Not all disasters result in death and this is why it is also important that one’s wishes are met in the final two documents; A Living Will and Power of Attorney.  These two documents are closely related.  One deals with medical issues while alive if unconscious or unable to make decisions and the other deals with giving a particular person certain powers to carry out your life.   A Living Will hence deals with a multitude of issues if you become extremely ill and unable to function.  A Living Will dictates medical procedures according to one’s wishes.

Among the numerous things that can arise during a medical emergency in which you lose consciousness can be how your care is to be properly administered.   How long do you wish to be left on a ventilator, or feeding tube?  If a comma results and one is brain dead, how long do you wish extraordinary measures to be carried out?  Do you wish to be resuscitated?   What is your preferred pain management?  Furthermore, do you wish to have organs donated if not listed on your license?   These are extremely personal decisions and if no written documentation exists to guide physicians or family, then one’s medical care can be dictated from outside sources.

A Power of Attorney plays an important role in this.  If a person is listed to fulfill your care needs while incapacitated then they can dictate the policies or if No Living Will is in place, carry out what you wanted from merely discussions although again this leads to the issue of trust.  A Power of Attorney bound to the dictates of a Living Will are always best.   The limit of the Power of Attorney is up to you.  The person can have only power during the illness, or be given only a certain amount of time.  Usually, the Power of Attorney also has other powers given to him or her.   They are able to access all legal and financial matters, access accounts and pay bills in your absence.   Again, the limitations are up to you in what your Power of Attorney can do and not do and for how long.   Again, due to death of others, sometimes, these documents need to be updated, but to have a person in place you trust is essential in planning.

Yes, death can be a difficult discussion but it is an important one.  This aversion to death and dying talk is not healthy.  It is part of life and can open many conversations that are critical to relationships but most importantly it can open discussions about legal and medical ramifications that are critically important.  Written and legally binding documents are essential to prevent disputes and one’s wishes not being honored.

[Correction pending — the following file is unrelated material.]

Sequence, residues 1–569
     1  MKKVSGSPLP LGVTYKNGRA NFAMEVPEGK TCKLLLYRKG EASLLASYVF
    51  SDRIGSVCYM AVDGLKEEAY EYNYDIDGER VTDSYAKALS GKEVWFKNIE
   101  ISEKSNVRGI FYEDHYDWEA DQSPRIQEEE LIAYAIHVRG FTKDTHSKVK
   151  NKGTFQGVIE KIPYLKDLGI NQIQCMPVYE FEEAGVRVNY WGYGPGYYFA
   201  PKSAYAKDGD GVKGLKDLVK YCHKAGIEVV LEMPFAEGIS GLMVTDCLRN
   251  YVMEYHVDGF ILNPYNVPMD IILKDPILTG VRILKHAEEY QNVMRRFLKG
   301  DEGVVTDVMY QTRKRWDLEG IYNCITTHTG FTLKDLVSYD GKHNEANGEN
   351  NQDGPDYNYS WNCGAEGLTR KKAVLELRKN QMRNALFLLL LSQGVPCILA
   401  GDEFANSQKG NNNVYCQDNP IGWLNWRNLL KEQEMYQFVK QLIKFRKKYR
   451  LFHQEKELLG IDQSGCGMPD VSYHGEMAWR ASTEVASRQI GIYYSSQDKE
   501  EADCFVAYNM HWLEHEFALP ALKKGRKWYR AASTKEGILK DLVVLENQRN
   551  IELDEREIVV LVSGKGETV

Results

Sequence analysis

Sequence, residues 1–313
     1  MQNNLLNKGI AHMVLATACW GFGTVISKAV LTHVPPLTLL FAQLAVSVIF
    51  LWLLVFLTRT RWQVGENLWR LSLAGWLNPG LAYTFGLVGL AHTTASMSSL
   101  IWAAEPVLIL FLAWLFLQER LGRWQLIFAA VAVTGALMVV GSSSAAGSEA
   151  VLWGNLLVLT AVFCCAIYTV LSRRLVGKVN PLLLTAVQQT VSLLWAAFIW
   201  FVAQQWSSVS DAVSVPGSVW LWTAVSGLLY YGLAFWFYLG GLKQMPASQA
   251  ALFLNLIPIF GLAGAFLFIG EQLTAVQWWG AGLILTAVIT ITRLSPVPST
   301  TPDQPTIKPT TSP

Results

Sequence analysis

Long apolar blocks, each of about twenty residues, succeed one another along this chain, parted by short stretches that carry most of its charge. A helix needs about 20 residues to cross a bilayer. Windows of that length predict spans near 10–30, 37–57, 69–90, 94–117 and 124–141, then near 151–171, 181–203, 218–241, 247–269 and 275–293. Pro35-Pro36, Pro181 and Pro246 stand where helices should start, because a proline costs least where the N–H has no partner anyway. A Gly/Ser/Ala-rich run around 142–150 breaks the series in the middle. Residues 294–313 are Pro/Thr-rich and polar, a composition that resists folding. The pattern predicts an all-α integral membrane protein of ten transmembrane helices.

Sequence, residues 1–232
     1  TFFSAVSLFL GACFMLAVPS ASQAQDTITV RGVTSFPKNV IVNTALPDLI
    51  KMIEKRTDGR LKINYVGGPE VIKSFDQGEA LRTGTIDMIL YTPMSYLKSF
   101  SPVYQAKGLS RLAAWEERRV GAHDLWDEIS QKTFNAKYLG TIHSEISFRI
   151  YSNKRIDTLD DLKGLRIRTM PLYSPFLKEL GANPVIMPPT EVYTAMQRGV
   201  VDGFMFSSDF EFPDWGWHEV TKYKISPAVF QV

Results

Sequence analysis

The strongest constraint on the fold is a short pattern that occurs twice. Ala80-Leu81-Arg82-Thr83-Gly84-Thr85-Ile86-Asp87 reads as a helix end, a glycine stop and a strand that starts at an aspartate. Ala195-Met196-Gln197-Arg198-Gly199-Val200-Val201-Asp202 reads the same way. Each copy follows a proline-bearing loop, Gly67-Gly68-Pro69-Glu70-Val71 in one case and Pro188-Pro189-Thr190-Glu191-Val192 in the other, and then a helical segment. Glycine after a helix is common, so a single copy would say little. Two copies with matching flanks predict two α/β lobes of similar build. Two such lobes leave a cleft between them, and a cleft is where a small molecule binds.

Please also review AIHCP’s Pastoral Thanatology Program and see if it matches your academic and professional goals.  The program is online and independent study and open to qualified professionals seeking a four year certification in Pastoral Thanatology

Pastoral Thanatology Program Video on World Religions and Dying

When helping the dying, it is also critical to help them with their spiritual beliefs.  This may well involve one dealing with another one of a different faith.  It is important to try to find one a representative of one’s faith as soon as possible if death is approaching or if one needs spiritual rituals conducted, but if not, and it is not possible, it will be important to be able to sojourn with the dying.

It is important to respect the dying’s wishes, their religious beliefs and to listen.  It is also helpful to have some knowledge of other faiths and the beliefs that coincide with dying.  Please also review AIHCP’s Pastoral Thanatology Program and see if it matches your academic and professional goals.  The program is online and independent study and open to qualified professionals seeking a four year certification in Pastoral Thanatology.


Please also review the video on death beliefs

Pastoral Thanatology Program Video AIHCP

Care of the dying is essential.  All human beings deserve to die with dignity.  They deserve not just to have their physical needs met but also their spiritual, emotional and mental.  The dying deserve to die with dignity-minimization of pain and comfort.  They should die with kindness and love.  Unfortunately this is not possible for all, but for the ones who are able, family, chaplains and caregivers can provide the love and support to help the dying leave this world with peace.

Pastoral Thanatology is key in this.  It looks at pastorally helping the dying in all phases of human existence.  It goes well beyond the physical but also addresses fear and grief as well as helping family better help the soon to be deceased.

AIHCP offers a four year certification in Pastoral Thanatology.  The program in online and independent study and is open to qualified professionals.


Please review AIHCP’s video for its Pastoral Thanatology Program

Pastoral Thanatology Program Article on Caregivers

Caregivers often suffer the most in their care of the ill.  This is especially true for loved ones who become the primary care givers.  Nurses also suffer seeing individuals slowly die as well.  This type of difficulty can cause problems for mental health and can lead to depression.  Those in pastoral care may also experience this type of depression.   So many times, caregivers put others first and forget about their own mental health.

After the death and sadness witnessed, many caregivers of the dying can become depressed. They need to ensure their mental health is also cared for. Please also review AIHCP’s Pastoral Thanatology Program